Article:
Today, I bring you the Dwarrow Scholar, a blog run by Roy, also known as Kandral on the Laurelin server. As you will see, Roy is a great lover of dwarves and has spent years exploring and speculating about their largely secret culture.
Viking: First, how did you develop your obvious love for the Dwarvish culture?
Roy: When I was a kid my uncle gave me The Hobbit to read. I instantly fell in love with Tolkien’s Middle-Earth. At a specific point in the book Bilbo and the dwarves arrive in Rivendell and are bullied somewhat by the elves. I remember I was utterly disgusted as a kid by how the elves called Bilbo fat and made fun of the dwarves having beards. I just couldn’t stand (and still can’t) that kind of behavior. Obviously as a kid I overreacted there, but anyhow, at the time I instantly understood why the dwarves didn’t like those elves… and from there the dwarven appreciation began to grow. By the end of the story I was utterly sold. The next week I went to the library and got me The Lord of the Rings. Also the fact that so much about the Dwarves was secret, well that spurred me on even more to get to the heart of it. It happens frequently that I reread the Hobbit or LoTR and something new catches my eye, then I’m off again searching all I can about that detail. Now, a good 20 years on since I first read the Hobbit the covers of many of my Tolkien paperbacks look like they survived an attack by Orcs. But it feels like Thorin, Gimli and many other dwarves survived it with me… true brothers by now.
Viking: You’ve done an amazing job putting together more information about things Dwarvish than I thought possible. What are your sources for all of this?
Roy: Thank you. I’ve tried to post all I have found over the years in separate articles, if that helps anyone to find out more about the dwarves then mission accomplished I guess. The idea behind this blog has always been “let’s try to get an answer to our questions about the dwarves”. The main sources for answers are the works of J.R.R Tolkien and his son Christopher, without a doubt. The appendixes and History of Middle-Earth series provide a wealth of information, amongst others. As secondary sources the films and dozens of articles by Tolkien experts are used to fill in blanks. All depending on the topic, I might use other sources to fill in blanks, if I believe it is relevant and feel that it adds value and is true to what we know so far. My point has always been to give answers, bring forward theories and shed more light, sometimes Tolkien’s word will do perfectly, other times a variety of sources are pulled in, including my own thoughts on the topic.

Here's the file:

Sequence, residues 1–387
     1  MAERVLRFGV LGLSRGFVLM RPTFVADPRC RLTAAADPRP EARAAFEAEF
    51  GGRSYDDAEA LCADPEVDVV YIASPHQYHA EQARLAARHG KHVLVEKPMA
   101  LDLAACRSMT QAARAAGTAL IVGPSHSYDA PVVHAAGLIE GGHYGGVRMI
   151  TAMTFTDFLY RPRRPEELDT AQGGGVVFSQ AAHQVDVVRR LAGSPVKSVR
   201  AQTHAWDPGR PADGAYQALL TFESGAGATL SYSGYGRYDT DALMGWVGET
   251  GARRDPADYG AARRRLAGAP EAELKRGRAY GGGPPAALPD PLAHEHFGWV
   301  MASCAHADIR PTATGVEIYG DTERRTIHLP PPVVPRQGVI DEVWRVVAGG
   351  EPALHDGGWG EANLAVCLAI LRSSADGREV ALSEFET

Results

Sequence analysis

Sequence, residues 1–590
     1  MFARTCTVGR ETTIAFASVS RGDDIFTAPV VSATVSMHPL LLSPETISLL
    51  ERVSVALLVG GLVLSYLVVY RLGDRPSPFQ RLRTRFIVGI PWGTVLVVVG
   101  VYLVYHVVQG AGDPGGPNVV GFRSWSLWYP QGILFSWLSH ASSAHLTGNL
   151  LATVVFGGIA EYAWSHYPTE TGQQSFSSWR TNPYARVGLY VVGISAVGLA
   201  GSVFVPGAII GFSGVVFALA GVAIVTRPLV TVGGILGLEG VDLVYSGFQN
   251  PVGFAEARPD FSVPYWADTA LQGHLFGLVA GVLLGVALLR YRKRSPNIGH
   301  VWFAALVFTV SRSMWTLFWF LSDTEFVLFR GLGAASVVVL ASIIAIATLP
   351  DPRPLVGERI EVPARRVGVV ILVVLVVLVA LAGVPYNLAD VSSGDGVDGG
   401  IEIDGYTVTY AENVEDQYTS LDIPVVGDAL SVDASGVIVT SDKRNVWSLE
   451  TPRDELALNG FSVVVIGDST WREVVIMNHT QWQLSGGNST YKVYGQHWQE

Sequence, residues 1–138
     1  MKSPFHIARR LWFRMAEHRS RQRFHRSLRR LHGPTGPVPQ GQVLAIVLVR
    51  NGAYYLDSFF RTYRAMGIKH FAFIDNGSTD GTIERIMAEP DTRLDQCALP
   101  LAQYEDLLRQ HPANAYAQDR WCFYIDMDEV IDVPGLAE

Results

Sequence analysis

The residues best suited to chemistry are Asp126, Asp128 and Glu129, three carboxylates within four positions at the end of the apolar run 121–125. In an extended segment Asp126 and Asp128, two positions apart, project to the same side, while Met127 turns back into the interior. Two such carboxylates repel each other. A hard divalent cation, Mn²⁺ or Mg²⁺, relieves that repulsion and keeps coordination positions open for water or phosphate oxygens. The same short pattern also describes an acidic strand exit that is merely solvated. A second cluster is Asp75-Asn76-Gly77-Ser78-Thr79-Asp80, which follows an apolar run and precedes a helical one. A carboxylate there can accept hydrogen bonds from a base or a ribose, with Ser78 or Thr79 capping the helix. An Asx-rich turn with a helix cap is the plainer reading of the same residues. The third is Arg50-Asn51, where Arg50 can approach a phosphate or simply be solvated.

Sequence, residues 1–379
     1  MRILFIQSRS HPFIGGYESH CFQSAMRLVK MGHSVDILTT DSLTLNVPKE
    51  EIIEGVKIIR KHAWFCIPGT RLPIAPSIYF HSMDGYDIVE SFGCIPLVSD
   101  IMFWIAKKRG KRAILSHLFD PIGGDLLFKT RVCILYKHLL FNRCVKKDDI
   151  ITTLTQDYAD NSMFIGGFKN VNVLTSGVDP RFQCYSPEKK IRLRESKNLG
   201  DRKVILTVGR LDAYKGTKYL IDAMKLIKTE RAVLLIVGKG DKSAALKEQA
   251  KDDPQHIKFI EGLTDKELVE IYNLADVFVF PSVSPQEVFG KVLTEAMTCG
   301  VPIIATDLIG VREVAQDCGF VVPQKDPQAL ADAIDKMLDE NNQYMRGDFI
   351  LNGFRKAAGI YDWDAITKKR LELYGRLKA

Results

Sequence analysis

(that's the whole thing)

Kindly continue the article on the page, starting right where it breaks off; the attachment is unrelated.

Viking: I had thought that Khuzdul was a largely undeveloped language but you have lessons posted on your blog. Was this pieced together from various Tolkien sources or has someone been developing the language independently?
Roy: It is correct that Tolkien wrote little Khuzdul, especially when you compare it to Quenya or Sindarin. Based on Tolkien’s work on the language other linguists such as David Salo have done tremendous work to expand the vocabulary of the language true to the style and feel of the language… creating what is referred to as “Neo-Khuzdul”. Using that as a base and incorporating the khuzdul of LOTRO and the theories and writings of various Tolkien sources, I’ve created these lessons, mainly with dwarven RP-ers in mind.
Viking: One of the most interesting posts was the one about the sign language. Where in particular did that come from, and is that form of the language being worked on in some way?
Roy: Thank you. I didn’t come up with Iglishmêk – the dwarven sign language – it is directly from Tolkien’s works in fact. I’ve always wondered about it, as unfortunately Tolkien wrote very little about it, hence the post on it after doing some research. I don’t believe any one has ever developed it further apart from the few signs we know… I might take that on as a little side project one of these weeks or months, but it isn’t on my agenda at the moment.
Viking: Obviously you are a dwarf in LOTRO. How accurate is LOTRO’s portrayal of dwarvish culture?
Roy: Yes, I am. Proud member of Durin’s Folk kin in fact, a fantastic dwarven kin on the Laurelin server. Truly a joy and honor to be amongst such excellent Longbeards. I’ve always found Turbine’s portrayal of what we know about the dwarves to be surprisingly accurate. On more then one occasion I believe they even add to the known culture through their fantastic interpretation of dwarven architecture. Also looking forward to their revamp of Moria coming in the next update. And with that said, I truly hope Turbine will soon reveal their plans to create the Lonely Mountain region – with The Hobbit coming out soon one can only hope and pray.
Viking: And are there any female dwarves in LOTRO?
Roy: Yes, though you only have the option “male” when creating a dwarven character in LOTRO I know of several RP-ers that have created female dwarven characters. Though I must say they are rare and if you didn’t read the biography or RP with them you likely wouldn’t know either.
Viking: And finally, what exactly does crispy batwing taste like?
Roy: Strange you should ask, as I’ve actively been looking to find restaurant that serve these exotic dishes. Unfortunately, I haven’t found any restaurants nearby that serve crispy fried batwing… I assure you I would order it straight away given the chance. One thing I will do soon though is go to a restaurant that serves crickets-on-a-stick – another likely dwarven delight, I’ve found one not too far from where I live in Brussels and just must give that a go. After all, writing about it is one thing, but would rather tell you all what it really tastes like – hope to update you all on that soon.